In "The Destructors," what motives for destruction can you eliminate based on what T. says to Mr. Thomas and what the boys do with the money?

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accessteacher | High School Teacher | (Level 3) Distinguished Educator

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Firstly, note the way that T. disposes of the savings of Old Misery that he finds stashed in the mattress. It is clear from what T. does with the money that he has not destroyed Old Misery's house for purposes of gain or personal enrichment. Note what he says to Blackie:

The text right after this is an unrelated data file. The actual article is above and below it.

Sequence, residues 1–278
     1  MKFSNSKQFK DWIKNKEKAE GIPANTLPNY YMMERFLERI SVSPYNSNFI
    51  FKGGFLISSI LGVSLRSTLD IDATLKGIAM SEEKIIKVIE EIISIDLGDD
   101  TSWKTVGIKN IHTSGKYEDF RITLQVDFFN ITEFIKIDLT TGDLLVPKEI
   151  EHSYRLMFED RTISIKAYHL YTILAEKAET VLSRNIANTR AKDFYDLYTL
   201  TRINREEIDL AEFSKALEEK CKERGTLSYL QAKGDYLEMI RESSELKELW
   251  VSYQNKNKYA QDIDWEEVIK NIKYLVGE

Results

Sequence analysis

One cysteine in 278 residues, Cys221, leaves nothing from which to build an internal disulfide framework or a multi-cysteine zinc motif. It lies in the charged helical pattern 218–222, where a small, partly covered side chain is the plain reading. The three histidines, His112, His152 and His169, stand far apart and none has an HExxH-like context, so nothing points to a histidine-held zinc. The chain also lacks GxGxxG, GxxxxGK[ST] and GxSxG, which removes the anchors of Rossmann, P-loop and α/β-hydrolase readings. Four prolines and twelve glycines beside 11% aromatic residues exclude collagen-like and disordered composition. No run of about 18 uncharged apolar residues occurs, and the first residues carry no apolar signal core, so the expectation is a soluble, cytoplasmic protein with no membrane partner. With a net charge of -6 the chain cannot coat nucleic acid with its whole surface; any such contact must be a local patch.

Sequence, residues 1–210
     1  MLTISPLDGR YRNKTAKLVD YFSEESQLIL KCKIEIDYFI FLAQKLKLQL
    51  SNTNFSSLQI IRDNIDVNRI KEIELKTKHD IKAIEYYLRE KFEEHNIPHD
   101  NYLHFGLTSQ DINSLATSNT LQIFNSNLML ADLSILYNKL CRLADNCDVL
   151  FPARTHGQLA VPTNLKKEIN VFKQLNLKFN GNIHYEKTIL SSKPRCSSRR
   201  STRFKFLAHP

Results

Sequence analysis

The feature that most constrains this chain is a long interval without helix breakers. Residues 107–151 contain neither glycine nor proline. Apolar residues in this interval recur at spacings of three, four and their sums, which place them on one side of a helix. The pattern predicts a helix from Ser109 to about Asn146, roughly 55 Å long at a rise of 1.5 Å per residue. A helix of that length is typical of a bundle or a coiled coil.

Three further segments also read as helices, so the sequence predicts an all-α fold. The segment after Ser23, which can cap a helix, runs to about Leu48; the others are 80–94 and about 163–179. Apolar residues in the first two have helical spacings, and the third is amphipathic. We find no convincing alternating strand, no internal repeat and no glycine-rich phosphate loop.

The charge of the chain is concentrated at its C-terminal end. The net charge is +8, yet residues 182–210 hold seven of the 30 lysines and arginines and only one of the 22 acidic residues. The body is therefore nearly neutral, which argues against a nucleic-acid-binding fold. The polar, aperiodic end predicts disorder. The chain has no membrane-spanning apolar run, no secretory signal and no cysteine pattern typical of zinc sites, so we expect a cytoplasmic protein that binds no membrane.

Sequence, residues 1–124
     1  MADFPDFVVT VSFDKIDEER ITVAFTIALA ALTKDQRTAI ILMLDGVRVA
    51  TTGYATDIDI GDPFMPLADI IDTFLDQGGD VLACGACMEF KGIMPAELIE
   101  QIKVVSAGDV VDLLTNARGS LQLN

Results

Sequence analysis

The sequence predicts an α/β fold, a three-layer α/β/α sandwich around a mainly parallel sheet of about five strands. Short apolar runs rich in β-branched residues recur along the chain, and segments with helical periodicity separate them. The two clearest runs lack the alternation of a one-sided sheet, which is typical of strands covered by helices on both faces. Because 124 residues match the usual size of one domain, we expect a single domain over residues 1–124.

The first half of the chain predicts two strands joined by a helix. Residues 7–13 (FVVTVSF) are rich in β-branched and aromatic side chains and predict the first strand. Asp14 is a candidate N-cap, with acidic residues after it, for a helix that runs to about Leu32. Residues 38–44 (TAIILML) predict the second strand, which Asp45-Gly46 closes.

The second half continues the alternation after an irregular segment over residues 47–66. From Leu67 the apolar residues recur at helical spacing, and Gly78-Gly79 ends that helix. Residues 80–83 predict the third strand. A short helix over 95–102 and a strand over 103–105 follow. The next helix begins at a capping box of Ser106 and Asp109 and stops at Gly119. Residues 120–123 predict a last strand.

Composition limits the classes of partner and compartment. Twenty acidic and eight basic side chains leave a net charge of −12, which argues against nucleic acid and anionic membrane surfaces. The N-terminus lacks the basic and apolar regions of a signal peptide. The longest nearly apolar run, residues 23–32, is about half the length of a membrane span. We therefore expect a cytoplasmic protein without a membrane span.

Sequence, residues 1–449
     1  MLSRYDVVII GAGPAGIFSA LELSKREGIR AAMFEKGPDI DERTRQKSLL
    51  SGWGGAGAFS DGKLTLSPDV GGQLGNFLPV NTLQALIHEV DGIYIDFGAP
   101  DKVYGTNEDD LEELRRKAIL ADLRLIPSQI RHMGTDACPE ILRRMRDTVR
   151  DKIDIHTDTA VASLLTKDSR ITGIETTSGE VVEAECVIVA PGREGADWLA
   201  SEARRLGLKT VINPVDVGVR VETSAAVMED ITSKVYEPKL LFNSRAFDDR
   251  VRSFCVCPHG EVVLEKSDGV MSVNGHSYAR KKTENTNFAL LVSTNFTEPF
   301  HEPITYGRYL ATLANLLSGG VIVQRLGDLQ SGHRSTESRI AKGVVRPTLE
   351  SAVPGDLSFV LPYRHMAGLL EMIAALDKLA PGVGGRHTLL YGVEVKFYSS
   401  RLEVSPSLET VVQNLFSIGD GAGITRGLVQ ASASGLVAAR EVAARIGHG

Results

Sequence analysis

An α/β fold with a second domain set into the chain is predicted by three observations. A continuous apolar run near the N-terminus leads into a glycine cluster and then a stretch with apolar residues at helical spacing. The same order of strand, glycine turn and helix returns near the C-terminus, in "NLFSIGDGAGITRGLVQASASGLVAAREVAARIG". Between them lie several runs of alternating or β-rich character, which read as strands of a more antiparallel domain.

"We aren't thieves," T. said. "Nobody's going to steal anything from this house. I kept these for you and me--a celebration... We'll burn them," he said, "one by one."

The way in which they burn the notes seem to symbolise a chilling sense of nihilism through rejecting what the world places value in.

Likewise, it is clear that when the boys lock Old Misery in his own outside bathroom that personal vengeance and cruelty have nothing to do with their act of destruction. Note what is whispered to Mr. Thomas when he is safely locked up:

"Don't worry, Mr. Thomas," it said, "we won't hurt you, not if you stay quiet."

This impression is further reinforced by the way in which they give him food and a blanket to keep himself warm. They obviously do not want him to be hurt or damaged in anyway, at least physically.

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